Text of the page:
How pressure groups influence Whitehall and the political agenda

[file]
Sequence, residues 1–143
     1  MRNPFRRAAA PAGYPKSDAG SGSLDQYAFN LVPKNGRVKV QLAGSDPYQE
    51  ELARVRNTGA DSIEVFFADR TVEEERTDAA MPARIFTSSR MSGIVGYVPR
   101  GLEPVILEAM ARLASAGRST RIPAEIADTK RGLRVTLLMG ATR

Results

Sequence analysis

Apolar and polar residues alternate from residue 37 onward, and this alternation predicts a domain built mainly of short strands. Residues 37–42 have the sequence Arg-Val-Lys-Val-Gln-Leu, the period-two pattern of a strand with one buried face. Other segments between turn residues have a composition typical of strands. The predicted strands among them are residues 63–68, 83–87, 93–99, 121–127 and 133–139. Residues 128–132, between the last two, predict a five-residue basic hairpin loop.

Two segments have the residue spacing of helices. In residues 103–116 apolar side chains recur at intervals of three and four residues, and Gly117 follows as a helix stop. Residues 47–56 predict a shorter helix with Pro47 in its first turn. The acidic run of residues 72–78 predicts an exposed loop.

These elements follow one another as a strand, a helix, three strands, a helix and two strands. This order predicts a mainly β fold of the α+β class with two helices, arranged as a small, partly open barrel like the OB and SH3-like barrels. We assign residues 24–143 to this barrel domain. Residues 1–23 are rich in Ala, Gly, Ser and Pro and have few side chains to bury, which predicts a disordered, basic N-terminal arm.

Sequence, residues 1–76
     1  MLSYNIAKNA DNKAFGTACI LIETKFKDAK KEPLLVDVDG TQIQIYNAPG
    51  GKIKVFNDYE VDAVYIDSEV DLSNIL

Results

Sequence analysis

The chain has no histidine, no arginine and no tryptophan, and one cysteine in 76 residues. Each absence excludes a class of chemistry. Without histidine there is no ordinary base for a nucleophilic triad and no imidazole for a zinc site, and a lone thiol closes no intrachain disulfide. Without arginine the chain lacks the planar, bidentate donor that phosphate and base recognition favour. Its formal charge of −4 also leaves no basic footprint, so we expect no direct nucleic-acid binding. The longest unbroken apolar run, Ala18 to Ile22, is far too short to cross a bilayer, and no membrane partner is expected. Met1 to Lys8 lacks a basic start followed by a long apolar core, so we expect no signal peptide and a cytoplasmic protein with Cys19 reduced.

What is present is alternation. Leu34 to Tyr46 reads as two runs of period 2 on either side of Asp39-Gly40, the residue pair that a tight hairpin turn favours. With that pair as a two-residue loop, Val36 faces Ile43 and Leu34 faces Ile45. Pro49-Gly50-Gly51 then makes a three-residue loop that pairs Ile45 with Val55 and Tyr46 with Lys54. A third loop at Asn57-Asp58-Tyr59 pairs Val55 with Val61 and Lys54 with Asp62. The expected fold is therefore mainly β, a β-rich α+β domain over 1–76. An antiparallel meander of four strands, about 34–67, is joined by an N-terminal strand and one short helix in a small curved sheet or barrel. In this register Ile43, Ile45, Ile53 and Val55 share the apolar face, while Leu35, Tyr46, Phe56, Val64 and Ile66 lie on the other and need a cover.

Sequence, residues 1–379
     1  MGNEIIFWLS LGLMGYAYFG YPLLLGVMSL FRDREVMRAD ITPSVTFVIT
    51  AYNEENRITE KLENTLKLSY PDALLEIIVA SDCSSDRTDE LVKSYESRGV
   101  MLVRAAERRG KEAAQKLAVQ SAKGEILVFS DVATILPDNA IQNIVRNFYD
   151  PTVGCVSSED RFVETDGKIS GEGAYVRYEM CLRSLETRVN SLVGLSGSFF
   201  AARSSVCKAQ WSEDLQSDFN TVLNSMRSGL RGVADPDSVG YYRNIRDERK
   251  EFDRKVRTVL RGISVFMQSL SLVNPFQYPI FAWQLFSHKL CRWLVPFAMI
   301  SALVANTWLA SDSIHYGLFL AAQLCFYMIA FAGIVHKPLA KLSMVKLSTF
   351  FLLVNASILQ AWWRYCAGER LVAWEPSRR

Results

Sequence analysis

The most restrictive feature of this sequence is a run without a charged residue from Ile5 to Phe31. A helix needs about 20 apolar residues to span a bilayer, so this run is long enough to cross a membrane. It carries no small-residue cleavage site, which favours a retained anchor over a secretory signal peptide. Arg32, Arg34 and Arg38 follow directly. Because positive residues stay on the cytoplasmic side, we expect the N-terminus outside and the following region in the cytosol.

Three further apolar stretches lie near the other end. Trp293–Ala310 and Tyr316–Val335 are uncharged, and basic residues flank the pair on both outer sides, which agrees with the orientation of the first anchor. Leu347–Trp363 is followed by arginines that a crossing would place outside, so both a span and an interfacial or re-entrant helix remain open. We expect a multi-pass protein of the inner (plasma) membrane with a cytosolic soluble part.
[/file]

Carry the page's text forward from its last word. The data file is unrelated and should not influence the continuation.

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Pressure groups do not have the power to make authoritative decisions themselves. They do not constitute governments, or control legislatures, or staff courts. Hence, their success in achieving their objectives depends on influencing political institutions to adopt the policies and measures they advocate. This may involve securing the attention of political influentials, which could entail using the media to win public sympathy for the case advocated. Even so, it must be stressed that the bulk of pressure-group activity is very undramatic and routine, and is invisible to the public eye. It involves a series of detailed discussions with civil servants, MPs or peers about the content and implementation of legislation.
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